Our phones recognize our fingerprints. Payment apps require a face scan. Banks store our voice recordings for future verification. Biometrics, or the use of biological data to confirm identity, is all around us these days. Now, biometrics company Unioncommunity seeks to use the technology to monitor parking garages and stimy ever-increasing motorcycle and scooter theft.
Catering to the South Asian market, Unioncommunity’s parking system will scan the incoming rider’s face and license plate before granting access. The company reports that the multi-camera setup will process 15 vehicles per minute, easing parking lot traffic jams in the process. With each facial scan and license plate linked in the system, the rider will also need to operate the vehicle upon exit. Unioncommunity hopes that requirement will discourage bike burglaries at parking structures employing the technology.
Of course, increased data mining and the potential misuse makes many people uncomfortable with the practice and questions quickly arise. For instance, how long does Unioncommunity store your personal information? How robust are their data security protocols? The system apparently identifies faces despites masks, but how does it handle riders wearing full-face helmets?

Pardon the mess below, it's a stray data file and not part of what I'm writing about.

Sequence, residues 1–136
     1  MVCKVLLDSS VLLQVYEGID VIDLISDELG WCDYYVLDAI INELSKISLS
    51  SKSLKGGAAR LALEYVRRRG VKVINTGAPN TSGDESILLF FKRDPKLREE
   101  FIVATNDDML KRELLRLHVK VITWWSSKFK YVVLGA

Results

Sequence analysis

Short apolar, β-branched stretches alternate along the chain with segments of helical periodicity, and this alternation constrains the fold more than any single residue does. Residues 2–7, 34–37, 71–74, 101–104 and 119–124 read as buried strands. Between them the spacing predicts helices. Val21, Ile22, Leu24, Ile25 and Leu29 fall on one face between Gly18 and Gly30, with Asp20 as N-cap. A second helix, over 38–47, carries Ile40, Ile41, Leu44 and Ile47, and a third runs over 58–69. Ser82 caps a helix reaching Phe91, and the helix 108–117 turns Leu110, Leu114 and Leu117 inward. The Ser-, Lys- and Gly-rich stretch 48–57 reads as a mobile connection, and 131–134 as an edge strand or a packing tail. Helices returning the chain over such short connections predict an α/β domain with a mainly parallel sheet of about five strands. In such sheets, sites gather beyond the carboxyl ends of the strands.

Additional questions come up when Unioncommunity applies its “parking solution” to the workplace, as the system could be used to further monitor employees. Coincidentally, the company is scheduled to install its first biometric parking gates at a manufacturing plant in Vietnam.
“We will expand the parking management system by combining new types of technologies that have not been seen in the biometric based access control market, and provide all parking-related solution in an integrated manner,” said Unioncommunity CEO Shin Yosik.
Only time will tell how the company integrates its parking system and numerous other technologies, but hopefully it’s executed ethically. Unlike a phone, the parking system doesn’t provide an alternative to biometrically-gained access. Under Unioncommunity’s system, riders may have to choose between the security of their motorcycle or the security of their identity.